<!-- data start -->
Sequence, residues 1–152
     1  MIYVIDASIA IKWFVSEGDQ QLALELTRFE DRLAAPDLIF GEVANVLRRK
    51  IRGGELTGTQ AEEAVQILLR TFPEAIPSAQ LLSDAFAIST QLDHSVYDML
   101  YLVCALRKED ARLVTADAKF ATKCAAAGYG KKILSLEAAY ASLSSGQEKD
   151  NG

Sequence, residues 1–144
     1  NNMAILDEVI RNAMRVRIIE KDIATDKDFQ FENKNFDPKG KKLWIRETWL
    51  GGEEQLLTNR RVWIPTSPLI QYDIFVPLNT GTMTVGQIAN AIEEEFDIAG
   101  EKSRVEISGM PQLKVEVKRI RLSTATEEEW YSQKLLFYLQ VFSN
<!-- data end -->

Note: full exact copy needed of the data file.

Sequence, residues 1–152
     1  MIYVIDASIA IKWFVSEGDQ QLALELTRFE DRLAAPDLIF GEVANVLRRK
    51  IRGGELTGTQ AEEAVQILLR TFPEAIPSAQ LLSDAFAIST QLDHSVYDML
   101  YLVCALRKED ARLVTADAKF ATKCAAAGYG KKILSLEAAY ASLSSGQEKD
   151  NG

Sequence, residues 1–144
     1  NNMAILDEVI RNAMRVRIIE KDIATDKDFQ FENKNFDPKG KKLWIRETWL
    51  GGEEQLLTNR RVWIPTSPLI QYDIFVPLNT GTMTVGQIAN AIEEEFDIAG
   101  EKSRVEISGM PQLKVEVKRI RLSTATEEEW YSQKLLFYLQ VFSN